Digital Hacks to Make Tech Work Better for Your Family

Tips, tricks, and techniques every parent should know to help kids and families enjoy media and technology more. By Caroline Knorr
Digital Hacks to Make Tech Work Better for Your Family

Using technology to manage your kids' technology sounds crazy to most parents. Do we really need an app to get kids to stop using their phones? But having a few clever tech tricks up your sleeve can help you solve a range of issues -- many of which you didn't know you had -- from paying less for great kids' TV to minimizing video game violence.

This isn't only about restricting, banning, or monitoring. Part of managing your kids' media means arming yourself with information so you can make media and tech work for you -- instead of the other way around. It's also important to realize when tech isn't the solution at all.

Here are our favorite hacks to improve what your kids watch, see, play, and do.

Make YouTube more kid-friendly. YouTube's Restricted Mode hides most age-inappropriate videos and also enables safe search in Google. Just go to YouTube. Scroll down to the bottom of the screen. See the little box that says "Restricted Mode: Off"? Click it on.

Tame games. The popular game network Steam offers lots of kid-friendly games such as the LEGO Movie VideogamePortal, and Sid Meier's Civilization V. But it also sells plenty of games that aren't appropriate for kids. Use the site's parental controls, called Steam Family View, to limit what kids can download.

Get high-quality, low-cost kids' shows without cable. Online streaming video services aren't only for grown-ups. Hulu Plus, Amazon Instant Video, and Netflix offer high-quality, original kids' shows. Nutri Ventures (Hulu), Gortimer Gibbon's Life on Normal Street (Amazon), and Turbo FAST (Netflix) are only a few examples. Some advantages of streaming versus TV: There are fewer commercials, and programs don't run continuously. Check out great kids' shows on Hulu, Netflix Instant, and Amazon Prime.

Help kids focus on one app at a time.

  • In iOS: Let your kids play away on your iPhone, iPad, or iPod Touch without worrying they'll get distracted by another app -- or, worse, get into your email or private files. Apple's Guided Access feature (found in Settings/General/Accessibility) temporarily restricts your device to a single app.
  • In Android: The restricted user profile (for tablets only) lets you create individual environments for each family member, providing access only to the apps (and various features within those apps) you set.

Turn off gore in video games. Sometimes even serious gamers like a little less blood, gore, and violence. A handful of popular titles, including Call of Duty: Black Ops 2, Left for Dead 2, Assassin's Creed, Starcraft II: Wings of Liberty, and Team Fortress 2, allows players to tone down or turn off the gory stuff. Check your kids' games to see if this feature is offered.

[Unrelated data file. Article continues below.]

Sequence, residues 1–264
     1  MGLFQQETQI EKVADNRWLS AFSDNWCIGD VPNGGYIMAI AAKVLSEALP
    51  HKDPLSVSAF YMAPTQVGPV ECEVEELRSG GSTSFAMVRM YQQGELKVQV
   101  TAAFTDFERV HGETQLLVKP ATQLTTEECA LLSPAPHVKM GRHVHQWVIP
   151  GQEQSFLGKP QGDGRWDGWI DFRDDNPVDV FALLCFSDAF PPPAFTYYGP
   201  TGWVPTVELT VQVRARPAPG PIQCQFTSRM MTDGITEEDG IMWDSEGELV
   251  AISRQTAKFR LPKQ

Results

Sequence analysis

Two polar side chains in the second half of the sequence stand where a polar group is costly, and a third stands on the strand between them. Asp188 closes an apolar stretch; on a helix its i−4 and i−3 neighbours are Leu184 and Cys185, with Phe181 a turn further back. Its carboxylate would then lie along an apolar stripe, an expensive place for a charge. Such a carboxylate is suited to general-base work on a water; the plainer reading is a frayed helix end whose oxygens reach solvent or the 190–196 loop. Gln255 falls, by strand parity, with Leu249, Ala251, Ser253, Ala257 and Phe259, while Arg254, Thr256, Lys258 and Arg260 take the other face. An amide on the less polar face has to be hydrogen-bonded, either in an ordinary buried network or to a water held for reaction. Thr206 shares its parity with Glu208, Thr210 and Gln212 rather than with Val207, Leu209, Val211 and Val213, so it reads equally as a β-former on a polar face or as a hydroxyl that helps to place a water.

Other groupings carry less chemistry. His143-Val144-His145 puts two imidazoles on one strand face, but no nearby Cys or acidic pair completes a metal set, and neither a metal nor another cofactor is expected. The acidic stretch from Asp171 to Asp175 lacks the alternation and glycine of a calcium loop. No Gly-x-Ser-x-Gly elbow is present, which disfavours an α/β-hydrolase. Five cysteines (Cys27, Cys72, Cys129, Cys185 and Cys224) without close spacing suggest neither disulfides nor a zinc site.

Be present (and still get work done). Need to cut out of work early for a soccer game or music recital? Got a sick kid on your biggest deadline day? Designate VIPs in your email or phone contacts lists, and you won't be disturbed until they -- and only they -- contact you. In iOS you can create a VIP setting that notifies you of important emails. 

Get serious about passwords. Kids are accumulating more and more passwords for school, services, social sites, and even their devices -- and it's easy to forget, misplace, or share them by accident. But with increasing large-scale data attacks targeting log-in information, it's vital to protect the confidentiality and security of your information. Password managers not only generate passwords and keep them secure, they can help reinforce the importance of safeguarding your private information. A few to try: LastPass, 1Password, and KeePass.

Help your kid manage screen time. Kids don't necessarily have a built-in off switch. But learning when enough is enough is an essential digital-age skill. Software timers such as Timers4Me and Time Timer count down the minutes you've set, allowing kids to take responsibility for managing their own screen time. They work for other tasks, too, such as practicing piano or getting ready to leave the house in the morning.

Get kids reading -- for free. Kids are reading less than ever. Reverse that disheartening trend with free digital books, available for your computer or mobile device. In addition to local libraries, which use services such as OverDrive to let you check out free ebooks, a few websites offer free ebooks, including Project Gutenberg, the Open Library, Barnes & Noble (for use with the free Nook app), and Amazon (for use with the free Kindle app). Start With a Book offers themed lists that include book suggestions and activities.